1. The fifth defendant, who is the petitioner here, filed an application (I.A. No. 3255 of 1946 in O.S. No. 585 of 1946 of the District Munsiff's Court, Ponnani) praying that the suit may be stayed, as it fell within the mischief of Section 4(1)(a) of Madras Act XVII of 1946. The application was dismissed.
2. The suit in question was one for redemption of a mortgage under a document described as Kaivasam panayam. Rs. 500 were paid to the respondent, who demised the property to the petitioner, who was to hold the property in possession according to the custom of Muthal Kudima Nyayam. He was to deduct the interest on the panayam (mortgage) amount and Government revenue and to pay as purappad a bunch of plantains worth Rs. 0-9-5 and As. 4. He was directed not to make any improvements on the property nor erect any buildings. In default of payment, he had to pay interest. If' the panayam amount was tendered after one year, he was bound to surrender the property. The question is whether the person put into possession under this document, described as a usufructuary mortgage, is a tenant within the meaning of the Malabar Tenancy Act.
3. Section 4(1)(a) of the Madras Act XVII of 1946 says:
All suits...for the eviction of tenants from their holdings or land as the case may be or in which a claim for such eviction is involved...and which are pending at the commencement of this Act...shall be stayed....
The Act applies to tenants as understood in the Malabar Tenancy Act. 'Tenant' is defined in Section 3(v) of the Malabar Tenancy Act as:
Any person who has paid or has agreed to pay rent or other consideration for his being allowed by another to enjoy the land of the latter, and includes an intermediary, kanomdar, kuzhikanomdar, and verumpattamdar of any description.
4. I have no doubt that this suit does involve the eviction of the petitioner; and so Section 4(1)(a) of the Act XVII of 1946 will apply and the petitioner will be entitled to a stay if he is a tenant within the meaning of Section 3(v) of the Malabar Tenancy Act. The word ' tenant ' in the Malabar Tenancy Act has a much wider meaning than under the general law and is intended to include such persons as are specified in that section, but not all persons enjoying land under one of the customary tenures of Malabar law. He is admittedly not a kanomdar, kuzhikanomdar or verumpattamdar. Reference has been made to the decision in Pottentakath v. Krishnan : AIR1942Mad652 in which Happell, J., held that a usufructuary mortgagee would not be a tenant within the meaning of Section 3(v) of the Malabar Tenancy Act. One will, however, have to. consider from a perusal of the deed itself whether its primary object is that the person put into possession should enjoy the land or whether it is primarily intended that the land should be a security for the debt. An examination of the document itself is therefore necessary for determining whether the petitioner is or is not a tenant.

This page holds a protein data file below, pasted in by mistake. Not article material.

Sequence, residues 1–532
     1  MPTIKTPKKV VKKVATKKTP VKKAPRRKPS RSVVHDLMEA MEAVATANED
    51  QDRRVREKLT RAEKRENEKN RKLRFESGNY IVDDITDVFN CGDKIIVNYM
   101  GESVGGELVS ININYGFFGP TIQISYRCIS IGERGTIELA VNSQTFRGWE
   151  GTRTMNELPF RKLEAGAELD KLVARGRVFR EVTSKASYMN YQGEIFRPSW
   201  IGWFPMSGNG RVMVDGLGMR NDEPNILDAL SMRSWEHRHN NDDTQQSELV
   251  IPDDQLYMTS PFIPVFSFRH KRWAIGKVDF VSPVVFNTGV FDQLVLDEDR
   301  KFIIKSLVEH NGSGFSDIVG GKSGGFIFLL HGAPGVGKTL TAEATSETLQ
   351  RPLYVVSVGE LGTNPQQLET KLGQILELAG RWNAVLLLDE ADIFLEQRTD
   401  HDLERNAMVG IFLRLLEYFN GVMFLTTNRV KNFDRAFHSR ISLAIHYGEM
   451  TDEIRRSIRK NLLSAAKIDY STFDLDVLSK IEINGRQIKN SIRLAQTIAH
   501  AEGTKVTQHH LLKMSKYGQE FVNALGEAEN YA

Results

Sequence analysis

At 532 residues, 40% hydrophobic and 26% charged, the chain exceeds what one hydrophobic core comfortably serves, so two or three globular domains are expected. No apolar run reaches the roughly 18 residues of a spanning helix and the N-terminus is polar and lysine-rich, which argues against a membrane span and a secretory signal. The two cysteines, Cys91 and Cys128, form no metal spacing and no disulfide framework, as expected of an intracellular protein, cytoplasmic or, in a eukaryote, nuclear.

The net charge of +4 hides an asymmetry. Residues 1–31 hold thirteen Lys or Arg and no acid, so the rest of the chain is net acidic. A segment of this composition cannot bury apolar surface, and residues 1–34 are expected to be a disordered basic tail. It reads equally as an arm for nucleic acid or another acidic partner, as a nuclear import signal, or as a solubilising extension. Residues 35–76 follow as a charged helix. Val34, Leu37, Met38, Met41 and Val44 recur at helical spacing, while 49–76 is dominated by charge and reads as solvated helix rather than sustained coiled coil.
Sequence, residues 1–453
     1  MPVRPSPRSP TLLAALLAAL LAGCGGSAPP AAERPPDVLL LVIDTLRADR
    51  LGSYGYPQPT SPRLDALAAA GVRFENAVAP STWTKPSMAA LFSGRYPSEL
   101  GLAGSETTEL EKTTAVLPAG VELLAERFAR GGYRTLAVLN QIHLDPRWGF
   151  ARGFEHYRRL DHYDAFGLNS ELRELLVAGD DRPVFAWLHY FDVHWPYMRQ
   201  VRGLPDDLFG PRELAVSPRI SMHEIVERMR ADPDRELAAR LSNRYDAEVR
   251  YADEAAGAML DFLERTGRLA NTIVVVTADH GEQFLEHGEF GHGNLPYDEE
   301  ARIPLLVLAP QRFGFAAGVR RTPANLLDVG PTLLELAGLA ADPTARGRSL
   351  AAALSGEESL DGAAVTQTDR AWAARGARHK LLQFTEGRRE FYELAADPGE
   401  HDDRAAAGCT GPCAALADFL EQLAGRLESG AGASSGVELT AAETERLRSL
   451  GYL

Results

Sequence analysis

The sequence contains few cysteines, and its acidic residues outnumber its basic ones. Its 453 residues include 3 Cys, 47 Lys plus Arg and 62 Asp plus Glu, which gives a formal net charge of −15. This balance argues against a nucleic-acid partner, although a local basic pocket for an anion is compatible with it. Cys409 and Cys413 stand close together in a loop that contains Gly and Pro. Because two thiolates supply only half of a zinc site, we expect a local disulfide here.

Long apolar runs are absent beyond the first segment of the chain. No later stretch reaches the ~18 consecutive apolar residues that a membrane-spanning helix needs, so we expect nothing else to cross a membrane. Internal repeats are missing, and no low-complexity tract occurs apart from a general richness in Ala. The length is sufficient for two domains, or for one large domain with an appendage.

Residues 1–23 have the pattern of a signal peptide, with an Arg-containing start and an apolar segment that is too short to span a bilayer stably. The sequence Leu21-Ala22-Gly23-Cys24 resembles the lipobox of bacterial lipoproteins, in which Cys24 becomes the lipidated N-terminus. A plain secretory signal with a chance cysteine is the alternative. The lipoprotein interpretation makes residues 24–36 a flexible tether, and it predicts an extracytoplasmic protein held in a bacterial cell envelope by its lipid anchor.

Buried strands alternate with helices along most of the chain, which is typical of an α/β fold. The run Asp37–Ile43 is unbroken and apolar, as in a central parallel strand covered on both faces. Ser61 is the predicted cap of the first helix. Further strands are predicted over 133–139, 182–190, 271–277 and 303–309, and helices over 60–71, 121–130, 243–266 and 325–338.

5. As I have already pointed out, the document is described as a usufructuary mortgage and in general its terms are those of a usufructuary mortgage; but the petitioner relies on the passage: 'You may, therefore, hold the property in possession according to the custom of Muthal Kudima Nyayam ' and also upon the circumstance that some purappad-which ordinarily means rent--is payable. The second point is, I consider, covered by a Bench of this Court in Vasudevan Nambudiri v. Raman Nambudiri : AIR1940Mad939 where the learned Judges were construing a document described as a Kaivasam panayam, though its terms were somewhat different from what they are in this case and in which the expression panayam purappad was used. The learned Judges came to the conclusion that 'purappad' did not in sach a context mean rent in the ordinary sense of the word. Similarly, there seems to be no reason for concluding that ' purappad ' in the present document means rent in that sense. This decision has been followed by Satyanarayana Rao, J., in no less than three cases (C.R.P. Nos. 26 of 1947, 194 of 1947 and 201 of 1947) where the learned Judge held that the document was a usufructuary mortgage and not a lease.
6. There remains the question as to what significance should be attached to the clause set out above. 'Kudima Nyayam' according to Sundara Ayyar's Malabar and Aliyasanthana Law (page 442) means a kind of service tenure by which a grant is made by a wealthy landlord to his predial slave or lowly tenant. It is a personal service grant in which a nominal fee is paid to the landlord and, presumably, the slave or menial tenant is not to be allowed to alienate that land, nor would he be entitled to make the landlord liable for any improvements which he might make on the land. In the document under consideration (Ex. D-I) it is expressly stated that the person to whom possession was given should not make any improvements, nor erect any buildings; and the purappad was quite nominal. So presumably the use of the expression 'Kudima Nyayam' merely meant that a nominal purappad should be paid and that the person entering into possession should have no power to alienate the property or to make any improvements. It did not apparently mean that the primary purpose of the transaction was to lease the land. That it was not a 'Kudima Nyayam' grant in the sense of the word in times gone by is shown by the fact that a sum of Rs. 500 was paid, which of course could not have been paid by the slaves or menial cultivators to whom grants were made in ancient times. I do not consider therefore that the clause 'You may therefore hold the property according to the custom of 'Kudima Nyayam' is an indication that Ex. D-I is not what it purports to be, i.e., a usufructuary mortgage.
7. The petition is dismissed with costs.